By the mid-1990s patronage on the railway had skyrocketed with the development of the New Towns along the route, so a decision was made to refurbish the fleet to mass transit standards. The work was carried out by Alstom between 1996 and 1999, and resulted in the look seen on the trains today.
The exterior changes included the formation of the carriages into fixed 12-car sets, the elimination of the end communication doors from the driving cabs, removal of toilets and luggage areas from the passenger saloon, and increasing the number of doors per carriage from 3 to 5 per side.
A more disruptive change for passengers was the mass removal of seats, with the side by side seating replaced by longitudinal benches along the carriage walls, to allow for more standing room. Along with the increased number of doors, this gave the refurbished KCR trains the same passenger handling ability as trains on the MTR underground lines.
Despite converting East Rail into a metro style rail service, continued patronage growth resulted in the need for additional train sets, achieved in 2001 with the delivery of the “SP1900” EMU fleet. Built by the Japanese firms of ITOCHU, Kinki Sharyo and Kawasaki Heavy Industries, only eight 12-car train sets were built for the East Rail line, but the same design was used for the trains delivered for the KCR’s later West Rail and Ma On Shan Rail projects.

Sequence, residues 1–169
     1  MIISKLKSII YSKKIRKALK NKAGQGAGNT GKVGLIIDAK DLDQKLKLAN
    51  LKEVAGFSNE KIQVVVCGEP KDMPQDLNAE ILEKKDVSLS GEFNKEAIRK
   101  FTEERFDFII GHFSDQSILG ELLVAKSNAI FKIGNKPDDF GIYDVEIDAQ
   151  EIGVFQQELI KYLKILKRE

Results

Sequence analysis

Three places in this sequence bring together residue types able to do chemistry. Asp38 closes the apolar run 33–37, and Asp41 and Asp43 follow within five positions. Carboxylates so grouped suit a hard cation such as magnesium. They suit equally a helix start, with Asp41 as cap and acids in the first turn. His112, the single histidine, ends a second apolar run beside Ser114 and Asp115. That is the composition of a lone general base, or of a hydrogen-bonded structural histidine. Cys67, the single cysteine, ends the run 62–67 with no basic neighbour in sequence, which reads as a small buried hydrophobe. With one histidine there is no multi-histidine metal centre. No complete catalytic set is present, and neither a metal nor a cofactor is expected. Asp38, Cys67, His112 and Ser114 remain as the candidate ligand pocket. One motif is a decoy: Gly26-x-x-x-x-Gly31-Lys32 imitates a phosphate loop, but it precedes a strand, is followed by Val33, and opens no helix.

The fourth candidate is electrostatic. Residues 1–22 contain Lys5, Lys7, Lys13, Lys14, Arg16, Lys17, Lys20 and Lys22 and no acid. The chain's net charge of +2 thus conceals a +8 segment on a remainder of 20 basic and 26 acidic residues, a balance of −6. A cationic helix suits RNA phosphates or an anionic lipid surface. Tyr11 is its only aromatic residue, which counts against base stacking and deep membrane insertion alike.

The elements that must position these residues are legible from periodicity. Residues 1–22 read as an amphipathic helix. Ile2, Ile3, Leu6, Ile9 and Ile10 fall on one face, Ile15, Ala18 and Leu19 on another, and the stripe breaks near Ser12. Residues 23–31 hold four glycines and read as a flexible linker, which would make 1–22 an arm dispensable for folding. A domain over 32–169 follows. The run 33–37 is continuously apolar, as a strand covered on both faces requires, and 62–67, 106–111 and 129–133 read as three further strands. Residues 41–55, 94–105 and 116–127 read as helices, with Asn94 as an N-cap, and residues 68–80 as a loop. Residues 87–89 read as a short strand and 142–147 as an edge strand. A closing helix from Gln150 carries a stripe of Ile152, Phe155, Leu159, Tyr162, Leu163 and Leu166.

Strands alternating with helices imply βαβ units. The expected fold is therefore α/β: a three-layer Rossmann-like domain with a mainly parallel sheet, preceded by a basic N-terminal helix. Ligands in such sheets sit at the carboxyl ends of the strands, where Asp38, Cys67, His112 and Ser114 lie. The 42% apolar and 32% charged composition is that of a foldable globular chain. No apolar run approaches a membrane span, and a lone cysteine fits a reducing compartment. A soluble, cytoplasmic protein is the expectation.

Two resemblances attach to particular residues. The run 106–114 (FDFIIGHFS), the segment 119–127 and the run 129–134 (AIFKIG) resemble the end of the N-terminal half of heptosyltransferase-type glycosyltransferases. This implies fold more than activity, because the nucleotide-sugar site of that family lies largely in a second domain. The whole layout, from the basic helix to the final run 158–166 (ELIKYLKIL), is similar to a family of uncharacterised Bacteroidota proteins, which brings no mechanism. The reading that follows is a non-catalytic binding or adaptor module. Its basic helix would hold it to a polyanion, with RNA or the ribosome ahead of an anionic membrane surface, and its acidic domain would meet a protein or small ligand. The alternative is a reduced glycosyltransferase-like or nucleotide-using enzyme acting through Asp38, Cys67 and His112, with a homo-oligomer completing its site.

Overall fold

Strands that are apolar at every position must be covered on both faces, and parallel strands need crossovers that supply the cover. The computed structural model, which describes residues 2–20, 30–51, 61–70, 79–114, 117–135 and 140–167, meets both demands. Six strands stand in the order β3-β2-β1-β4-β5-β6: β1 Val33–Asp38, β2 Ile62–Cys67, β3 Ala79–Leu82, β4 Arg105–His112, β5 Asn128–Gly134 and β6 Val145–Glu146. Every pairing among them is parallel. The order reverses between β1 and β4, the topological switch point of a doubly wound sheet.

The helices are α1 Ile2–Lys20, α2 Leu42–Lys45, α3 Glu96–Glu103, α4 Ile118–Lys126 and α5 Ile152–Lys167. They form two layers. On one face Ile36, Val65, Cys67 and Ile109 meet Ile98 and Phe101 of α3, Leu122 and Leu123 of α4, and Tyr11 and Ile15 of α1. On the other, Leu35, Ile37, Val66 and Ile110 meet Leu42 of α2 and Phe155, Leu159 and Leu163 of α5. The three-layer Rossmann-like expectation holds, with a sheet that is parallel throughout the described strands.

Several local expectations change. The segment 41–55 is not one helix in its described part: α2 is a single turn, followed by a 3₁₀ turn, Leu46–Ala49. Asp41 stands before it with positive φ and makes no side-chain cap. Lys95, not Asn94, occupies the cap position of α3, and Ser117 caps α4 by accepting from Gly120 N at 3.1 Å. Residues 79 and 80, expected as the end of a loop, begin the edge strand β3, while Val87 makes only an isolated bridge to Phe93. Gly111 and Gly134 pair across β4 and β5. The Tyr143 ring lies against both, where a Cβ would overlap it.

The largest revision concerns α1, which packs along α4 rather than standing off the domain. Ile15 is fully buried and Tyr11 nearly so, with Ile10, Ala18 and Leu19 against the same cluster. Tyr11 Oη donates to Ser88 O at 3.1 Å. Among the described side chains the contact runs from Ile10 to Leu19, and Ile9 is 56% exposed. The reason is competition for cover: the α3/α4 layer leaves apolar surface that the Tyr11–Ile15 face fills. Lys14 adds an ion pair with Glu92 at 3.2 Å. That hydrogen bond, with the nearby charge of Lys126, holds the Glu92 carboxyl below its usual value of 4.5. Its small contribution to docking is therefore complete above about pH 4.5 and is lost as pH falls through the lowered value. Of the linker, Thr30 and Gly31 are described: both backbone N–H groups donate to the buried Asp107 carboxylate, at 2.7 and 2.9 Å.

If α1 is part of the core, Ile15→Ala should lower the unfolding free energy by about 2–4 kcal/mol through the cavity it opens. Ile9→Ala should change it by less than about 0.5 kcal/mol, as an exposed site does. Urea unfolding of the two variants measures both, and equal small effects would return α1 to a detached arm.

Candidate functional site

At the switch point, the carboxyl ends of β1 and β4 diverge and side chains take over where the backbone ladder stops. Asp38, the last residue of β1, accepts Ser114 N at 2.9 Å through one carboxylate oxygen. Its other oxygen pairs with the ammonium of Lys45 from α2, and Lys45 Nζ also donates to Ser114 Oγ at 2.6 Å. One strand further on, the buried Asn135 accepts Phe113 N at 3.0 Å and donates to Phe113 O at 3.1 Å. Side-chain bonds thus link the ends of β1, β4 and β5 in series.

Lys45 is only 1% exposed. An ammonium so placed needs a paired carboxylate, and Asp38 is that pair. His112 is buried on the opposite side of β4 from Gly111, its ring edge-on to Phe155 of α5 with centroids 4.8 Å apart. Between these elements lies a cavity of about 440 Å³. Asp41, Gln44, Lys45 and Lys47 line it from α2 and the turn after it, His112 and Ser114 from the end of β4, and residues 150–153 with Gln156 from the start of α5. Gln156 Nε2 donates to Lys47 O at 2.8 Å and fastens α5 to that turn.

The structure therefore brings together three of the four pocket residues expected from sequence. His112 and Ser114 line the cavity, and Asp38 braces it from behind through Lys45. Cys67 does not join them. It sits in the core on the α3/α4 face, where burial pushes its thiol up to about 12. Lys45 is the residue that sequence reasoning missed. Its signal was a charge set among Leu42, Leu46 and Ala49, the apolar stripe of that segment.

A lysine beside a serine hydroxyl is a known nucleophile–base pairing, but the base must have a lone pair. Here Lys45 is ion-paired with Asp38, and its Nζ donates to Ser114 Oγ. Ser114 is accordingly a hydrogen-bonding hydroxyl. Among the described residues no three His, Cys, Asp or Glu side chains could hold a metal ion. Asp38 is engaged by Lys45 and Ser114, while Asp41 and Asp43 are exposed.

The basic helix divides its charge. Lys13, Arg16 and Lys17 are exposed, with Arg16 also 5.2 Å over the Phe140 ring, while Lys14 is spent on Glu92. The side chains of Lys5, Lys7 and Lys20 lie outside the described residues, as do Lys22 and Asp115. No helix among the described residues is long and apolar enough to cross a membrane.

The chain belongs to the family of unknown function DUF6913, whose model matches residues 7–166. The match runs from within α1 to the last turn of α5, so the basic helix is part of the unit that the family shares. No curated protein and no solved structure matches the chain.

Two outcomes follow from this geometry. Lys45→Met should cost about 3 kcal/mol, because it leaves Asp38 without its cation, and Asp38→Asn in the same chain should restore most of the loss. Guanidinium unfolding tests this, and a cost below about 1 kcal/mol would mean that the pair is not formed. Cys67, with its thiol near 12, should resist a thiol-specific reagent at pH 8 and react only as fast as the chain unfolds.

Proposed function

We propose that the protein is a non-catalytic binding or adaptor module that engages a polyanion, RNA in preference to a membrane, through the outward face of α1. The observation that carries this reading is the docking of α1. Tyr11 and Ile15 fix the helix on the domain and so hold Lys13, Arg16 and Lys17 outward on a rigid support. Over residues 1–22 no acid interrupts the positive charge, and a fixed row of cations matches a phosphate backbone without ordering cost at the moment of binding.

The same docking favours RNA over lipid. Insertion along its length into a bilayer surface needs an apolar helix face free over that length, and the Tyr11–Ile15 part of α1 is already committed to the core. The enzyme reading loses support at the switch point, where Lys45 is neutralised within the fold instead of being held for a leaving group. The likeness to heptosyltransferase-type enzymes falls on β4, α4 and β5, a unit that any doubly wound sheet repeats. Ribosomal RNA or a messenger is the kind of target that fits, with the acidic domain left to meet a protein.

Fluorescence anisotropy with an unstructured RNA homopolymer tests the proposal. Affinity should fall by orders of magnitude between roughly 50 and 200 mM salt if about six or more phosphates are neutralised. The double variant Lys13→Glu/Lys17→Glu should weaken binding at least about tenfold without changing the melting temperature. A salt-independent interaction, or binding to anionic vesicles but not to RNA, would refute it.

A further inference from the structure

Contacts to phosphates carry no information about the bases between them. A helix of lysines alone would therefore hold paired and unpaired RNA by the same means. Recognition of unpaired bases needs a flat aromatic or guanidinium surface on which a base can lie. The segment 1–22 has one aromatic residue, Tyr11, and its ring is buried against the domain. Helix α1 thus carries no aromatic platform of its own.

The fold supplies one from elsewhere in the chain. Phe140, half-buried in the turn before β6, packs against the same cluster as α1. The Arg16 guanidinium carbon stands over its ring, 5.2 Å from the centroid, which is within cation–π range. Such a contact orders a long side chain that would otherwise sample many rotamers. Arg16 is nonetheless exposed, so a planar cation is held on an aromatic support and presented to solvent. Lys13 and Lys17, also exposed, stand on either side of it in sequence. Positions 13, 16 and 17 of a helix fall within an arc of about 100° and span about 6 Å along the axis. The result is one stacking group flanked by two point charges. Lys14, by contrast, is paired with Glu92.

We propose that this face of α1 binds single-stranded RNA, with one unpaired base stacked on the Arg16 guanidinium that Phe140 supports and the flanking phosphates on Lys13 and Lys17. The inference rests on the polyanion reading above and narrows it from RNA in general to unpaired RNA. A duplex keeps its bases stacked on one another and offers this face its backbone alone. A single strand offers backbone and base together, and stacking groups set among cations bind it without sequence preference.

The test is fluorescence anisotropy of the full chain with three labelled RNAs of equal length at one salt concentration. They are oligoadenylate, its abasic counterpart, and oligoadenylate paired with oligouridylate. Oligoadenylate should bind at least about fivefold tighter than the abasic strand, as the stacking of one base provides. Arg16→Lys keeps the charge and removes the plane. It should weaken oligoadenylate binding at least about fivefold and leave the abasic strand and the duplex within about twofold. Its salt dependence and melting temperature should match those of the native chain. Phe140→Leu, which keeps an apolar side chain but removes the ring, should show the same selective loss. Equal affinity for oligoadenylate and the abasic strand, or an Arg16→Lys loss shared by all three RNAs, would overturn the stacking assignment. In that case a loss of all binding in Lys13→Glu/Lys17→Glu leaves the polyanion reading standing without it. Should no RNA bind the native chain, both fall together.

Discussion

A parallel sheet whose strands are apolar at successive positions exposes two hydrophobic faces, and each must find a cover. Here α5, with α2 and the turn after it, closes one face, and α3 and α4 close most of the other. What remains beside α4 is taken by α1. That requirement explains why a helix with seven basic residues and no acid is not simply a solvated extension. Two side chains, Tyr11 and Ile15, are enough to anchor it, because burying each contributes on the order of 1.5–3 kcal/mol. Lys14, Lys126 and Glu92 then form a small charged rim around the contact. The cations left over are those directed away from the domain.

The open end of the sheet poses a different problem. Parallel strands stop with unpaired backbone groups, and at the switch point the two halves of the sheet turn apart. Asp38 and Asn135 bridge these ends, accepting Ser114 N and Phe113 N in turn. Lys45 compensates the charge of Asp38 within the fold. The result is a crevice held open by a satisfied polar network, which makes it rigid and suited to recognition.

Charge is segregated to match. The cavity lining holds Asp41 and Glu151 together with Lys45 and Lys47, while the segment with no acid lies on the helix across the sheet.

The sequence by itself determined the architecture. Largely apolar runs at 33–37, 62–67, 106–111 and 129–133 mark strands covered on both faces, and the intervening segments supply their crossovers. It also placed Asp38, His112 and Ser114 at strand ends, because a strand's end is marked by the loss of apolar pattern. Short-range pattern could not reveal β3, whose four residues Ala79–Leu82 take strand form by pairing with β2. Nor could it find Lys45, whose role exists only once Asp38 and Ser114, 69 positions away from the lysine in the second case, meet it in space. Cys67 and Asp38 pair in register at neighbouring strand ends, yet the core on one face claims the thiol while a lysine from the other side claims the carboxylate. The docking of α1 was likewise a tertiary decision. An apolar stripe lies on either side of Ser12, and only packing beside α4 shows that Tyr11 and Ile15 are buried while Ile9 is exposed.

The interior followed the metro layout of the refurbished trains, with the same door spacing, and longitudinal seating. (this photo is from inside a Ma On Shan line SP1900 train, since I never got a good shot inside the East Rail version)
Despite their transformation made to the KCR since electrification, trains on the East Rail line still have one small element tying them back to their suburban roots: their first class compartments.
It is an interesting option for passengers, given the longest possible end-to-end travel time is just on 40 minutes, why do people decide to pay the extra for first class?
Stay tuned for the answer in a later post… travelling first class on the MTR
Just a point of interest, East Rail trains will be reduced to 9 cars following the opening of the Shatin-Central Link, due to geotechnical difficulties in platform building on HK island.
What a shame 🙁